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Braves sue insurer over claim for injured pitcher


ATLANTA—The Atlanta Braves have filed a lawsuit against Hartford Life Insurance Co., alleging breach of contract on a disability insurance policy the team had on former Braves pitcher Mike Hampton.

The Braves are seeking $4.82 million in the suit, which charges that Hartford Life owes the team benefits for a period in 2008 during which Mr. Hampton was injured and unable to pitch.

According to court documents filed Feb. 13 in U.S. District Court for the Northern District of Georgia in Atlanta, Hartford Life issued a disability policy to the Colorado Rockies in December 2000 when Mr. Hampton signed with the team. The policy was assigned to the Braves when they acquired Mr. Hampton in November 2002. The policy's expiration date was Oct. 1, 2005.

According to court documents, a provision within the policy states that if Mr. Hampton was "totally disabled" before the expiration date, the policy would remain in effect. Further, the policy states that "benefits will remain in effect after the expiration date of coverage if (Mr. Hampton's) total disability commenced during the coverage period."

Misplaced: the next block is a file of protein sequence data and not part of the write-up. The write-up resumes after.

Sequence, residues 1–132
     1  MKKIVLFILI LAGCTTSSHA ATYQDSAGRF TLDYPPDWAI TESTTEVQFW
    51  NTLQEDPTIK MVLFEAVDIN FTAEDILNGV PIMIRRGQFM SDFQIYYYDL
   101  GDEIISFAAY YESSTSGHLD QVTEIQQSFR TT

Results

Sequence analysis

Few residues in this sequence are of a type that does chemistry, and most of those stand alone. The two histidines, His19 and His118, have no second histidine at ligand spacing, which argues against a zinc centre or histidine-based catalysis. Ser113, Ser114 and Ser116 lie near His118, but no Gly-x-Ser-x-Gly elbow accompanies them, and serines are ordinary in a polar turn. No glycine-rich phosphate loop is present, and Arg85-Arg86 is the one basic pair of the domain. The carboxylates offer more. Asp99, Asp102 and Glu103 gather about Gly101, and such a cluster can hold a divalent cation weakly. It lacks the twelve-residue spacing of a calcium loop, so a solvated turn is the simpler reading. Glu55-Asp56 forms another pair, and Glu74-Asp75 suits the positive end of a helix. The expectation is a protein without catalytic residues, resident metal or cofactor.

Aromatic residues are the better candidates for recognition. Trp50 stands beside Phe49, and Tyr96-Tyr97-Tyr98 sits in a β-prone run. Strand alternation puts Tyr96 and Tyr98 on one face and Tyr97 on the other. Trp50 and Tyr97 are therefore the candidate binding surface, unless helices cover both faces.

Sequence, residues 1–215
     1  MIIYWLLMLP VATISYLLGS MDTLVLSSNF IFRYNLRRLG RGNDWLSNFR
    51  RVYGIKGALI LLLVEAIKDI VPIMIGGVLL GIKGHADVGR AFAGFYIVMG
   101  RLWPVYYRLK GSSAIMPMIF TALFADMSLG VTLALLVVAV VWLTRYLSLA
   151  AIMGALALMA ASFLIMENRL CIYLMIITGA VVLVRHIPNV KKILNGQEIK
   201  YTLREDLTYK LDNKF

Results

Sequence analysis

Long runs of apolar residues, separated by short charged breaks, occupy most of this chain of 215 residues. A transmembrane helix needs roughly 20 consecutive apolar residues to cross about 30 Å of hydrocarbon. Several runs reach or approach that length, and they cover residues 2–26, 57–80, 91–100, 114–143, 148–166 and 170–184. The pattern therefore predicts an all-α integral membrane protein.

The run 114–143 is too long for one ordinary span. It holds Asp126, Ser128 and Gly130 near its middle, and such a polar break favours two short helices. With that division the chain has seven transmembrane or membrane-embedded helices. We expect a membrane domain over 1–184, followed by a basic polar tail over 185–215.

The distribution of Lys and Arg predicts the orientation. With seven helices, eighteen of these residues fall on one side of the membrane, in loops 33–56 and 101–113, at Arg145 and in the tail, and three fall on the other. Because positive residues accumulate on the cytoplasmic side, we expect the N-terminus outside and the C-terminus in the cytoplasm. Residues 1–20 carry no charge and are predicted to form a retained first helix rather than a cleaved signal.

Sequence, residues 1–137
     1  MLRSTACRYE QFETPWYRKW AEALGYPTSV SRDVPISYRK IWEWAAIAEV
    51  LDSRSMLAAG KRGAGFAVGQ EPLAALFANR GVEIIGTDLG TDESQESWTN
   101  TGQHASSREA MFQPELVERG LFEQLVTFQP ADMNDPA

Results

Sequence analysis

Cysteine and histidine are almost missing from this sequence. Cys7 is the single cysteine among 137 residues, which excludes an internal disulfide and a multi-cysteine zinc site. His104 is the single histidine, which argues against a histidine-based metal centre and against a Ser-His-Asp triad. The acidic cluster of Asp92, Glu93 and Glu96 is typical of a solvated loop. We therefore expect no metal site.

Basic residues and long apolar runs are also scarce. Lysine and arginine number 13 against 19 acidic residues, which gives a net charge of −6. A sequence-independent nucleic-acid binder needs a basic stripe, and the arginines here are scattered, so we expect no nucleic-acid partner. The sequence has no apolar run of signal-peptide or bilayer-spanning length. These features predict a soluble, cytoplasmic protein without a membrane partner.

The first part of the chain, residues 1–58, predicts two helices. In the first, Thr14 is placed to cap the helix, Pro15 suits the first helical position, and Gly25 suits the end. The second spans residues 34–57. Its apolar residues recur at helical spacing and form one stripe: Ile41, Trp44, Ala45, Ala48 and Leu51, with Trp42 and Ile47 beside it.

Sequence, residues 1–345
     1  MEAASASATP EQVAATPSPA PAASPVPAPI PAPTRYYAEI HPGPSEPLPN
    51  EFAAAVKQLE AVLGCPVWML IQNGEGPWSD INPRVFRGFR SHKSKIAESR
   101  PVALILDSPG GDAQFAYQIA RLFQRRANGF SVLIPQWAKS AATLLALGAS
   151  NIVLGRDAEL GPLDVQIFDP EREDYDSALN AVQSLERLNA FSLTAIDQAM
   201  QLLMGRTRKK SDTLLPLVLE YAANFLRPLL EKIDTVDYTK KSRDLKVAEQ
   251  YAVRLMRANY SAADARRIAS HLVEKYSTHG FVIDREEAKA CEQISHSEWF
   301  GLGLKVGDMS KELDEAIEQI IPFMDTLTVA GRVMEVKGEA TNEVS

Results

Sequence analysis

Mr. Hampton was injured in 2005 and missed all of the 2006 and 2007 seasons after two elbow surgeries. During those two seasons, Hartford, Conn.-based Hartford Life made "daily benefit" payments under the policy.

The Braves are also seeking payment for the days Mr. Hampton was unable to pitch during the 2008 season, but Hartford Life contends that Mr. Hampton was not "totally disabled" before or during the season.

Mr. Hampton injured his pectoral muscle while warming up for his first game back from injury in April 2008, forcing him to miss 117 days of the season. The Braves claim that they are owed $41,208.79 per day from Hartford Life for those days.

Hartford Life declined to comment on the pending litigation. A representative from the Braves could not immediately be reached for comment.